Kentwood — As a secretary in the early 1990s at Kenosha Elementary in Grand Rapids Public Schools, Jamie Gordon received encouragement from female education leaders who told her to pursue a degree to become an administrator.
Taking that advice — one of the first of many steps in her career in education — has led to years in leadership and multi-pronged efforts to support others interested in the teaching profession.
“I had great role models and great mentors; I don’t think I can stress that enough,” said Gordon, now the executive director of human resources for Kentwood Public Schools. “I hope that 10 years from now there are a couple kids somewhere sitting in a position like this, saying ‘I remember when Mrs. Gordon helped me or talked to me’ … that’s when I will know I did a good job.”
Gordon is one of 12 Black leaders being honored by Grand Rapids Community College with a GIANT Award on Saturday, Feb. 3, during the 2024 GIANT Awards Ceremony at DeVos Place. Her father, Jimmy Carter, assistant East Kentwood High School girls basketball coach from 2007 through 2011 and head coach in 2018, is also being honored this year.
‘What are those true characteristics that we need, and how do we make sure that those people are the people that are getting to the table for us to consider to be part of our team?’— Jamie Gordon, executive director of human resources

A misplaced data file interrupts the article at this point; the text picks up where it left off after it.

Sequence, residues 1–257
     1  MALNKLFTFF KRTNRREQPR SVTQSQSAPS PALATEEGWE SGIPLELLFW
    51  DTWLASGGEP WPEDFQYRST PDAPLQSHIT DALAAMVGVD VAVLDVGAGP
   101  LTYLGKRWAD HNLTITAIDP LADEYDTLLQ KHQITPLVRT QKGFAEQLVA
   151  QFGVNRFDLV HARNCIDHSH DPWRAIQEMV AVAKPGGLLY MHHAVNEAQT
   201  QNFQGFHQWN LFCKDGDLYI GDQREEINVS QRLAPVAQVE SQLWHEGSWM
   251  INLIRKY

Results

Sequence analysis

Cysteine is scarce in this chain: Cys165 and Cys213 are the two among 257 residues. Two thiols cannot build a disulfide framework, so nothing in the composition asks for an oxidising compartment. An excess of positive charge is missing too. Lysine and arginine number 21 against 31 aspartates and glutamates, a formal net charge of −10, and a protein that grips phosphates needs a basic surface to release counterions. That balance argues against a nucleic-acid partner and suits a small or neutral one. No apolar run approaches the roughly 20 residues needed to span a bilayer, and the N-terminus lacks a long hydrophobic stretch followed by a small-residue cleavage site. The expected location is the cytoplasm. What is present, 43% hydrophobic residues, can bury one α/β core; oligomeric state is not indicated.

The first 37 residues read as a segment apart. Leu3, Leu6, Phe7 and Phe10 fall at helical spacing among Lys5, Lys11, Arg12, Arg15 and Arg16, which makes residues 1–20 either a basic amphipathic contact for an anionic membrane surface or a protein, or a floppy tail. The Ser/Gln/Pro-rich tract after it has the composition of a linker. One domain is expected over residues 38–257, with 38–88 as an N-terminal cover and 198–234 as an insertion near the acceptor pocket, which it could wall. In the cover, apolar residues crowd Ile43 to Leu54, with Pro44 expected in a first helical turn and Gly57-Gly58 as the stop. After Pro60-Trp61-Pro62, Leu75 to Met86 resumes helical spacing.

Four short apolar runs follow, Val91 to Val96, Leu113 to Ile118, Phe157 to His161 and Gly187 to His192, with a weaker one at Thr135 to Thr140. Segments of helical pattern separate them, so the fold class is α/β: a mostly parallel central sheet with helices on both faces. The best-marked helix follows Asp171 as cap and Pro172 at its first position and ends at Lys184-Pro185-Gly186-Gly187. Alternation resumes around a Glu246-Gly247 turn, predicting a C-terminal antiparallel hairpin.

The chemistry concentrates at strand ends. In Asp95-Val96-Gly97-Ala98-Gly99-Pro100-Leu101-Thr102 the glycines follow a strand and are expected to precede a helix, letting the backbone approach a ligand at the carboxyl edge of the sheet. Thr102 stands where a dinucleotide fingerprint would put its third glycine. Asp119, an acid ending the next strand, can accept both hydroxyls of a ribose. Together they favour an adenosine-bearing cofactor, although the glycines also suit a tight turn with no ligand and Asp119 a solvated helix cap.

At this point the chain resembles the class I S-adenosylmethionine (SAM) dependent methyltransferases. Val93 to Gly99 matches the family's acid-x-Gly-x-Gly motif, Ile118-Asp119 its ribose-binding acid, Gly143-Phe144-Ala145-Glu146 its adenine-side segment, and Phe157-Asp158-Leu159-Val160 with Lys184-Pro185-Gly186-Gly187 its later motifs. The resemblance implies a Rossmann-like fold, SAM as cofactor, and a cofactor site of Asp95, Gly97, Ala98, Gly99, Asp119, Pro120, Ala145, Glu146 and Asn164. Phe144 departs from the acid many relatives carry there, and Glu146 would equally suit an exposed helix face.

GIANT Awards recognize members of the African American community for their exceptional contributions, going above and beyond to shape the history, culture and quality of life in Grand Rapids, according to information from GRCC.
Gordon will receive the Phyllis Scott Activist Award for exemplifying a strong commitment to promoting and improving the lives of youth.
“Jamie embodies excellence, equity, and inclusion in both her professional and personal life,” said Veronica Lake, executive director of student services for Kentwood Public Schools. “Her unwavering commitment to assembling a team of high-quality, diverse personnel in our schools mirrors her dedication to creating an enriching environment that not only fosters student growth and development but also celebrates and leverages the strengths inherent in diversity.”
An Increasingly Diverse Staff
Gordon, who began her current role in 2018, taps many sources to bring talented educators to KPS and keep them there. She has helped create opportunities both for high school students interested in teaching and for existing staff members; she has also created partnerships with colleges and universities.
Kentwood’s 1,800-member staff has increased in diversity to about 25%, an increase from 17% since 2019. About 42% of the administrative team district-wide is now made up of people of various ethnic and racial backgrounds. About 15% of teachers are people of color, up from 9%, and support staff is up to 31%, compared to 23%.
The increase in staff diversity is a result of intentional efforts to keep crucial questions at the forefront of hiring in the most diverse school district in Michigan, Gordon said.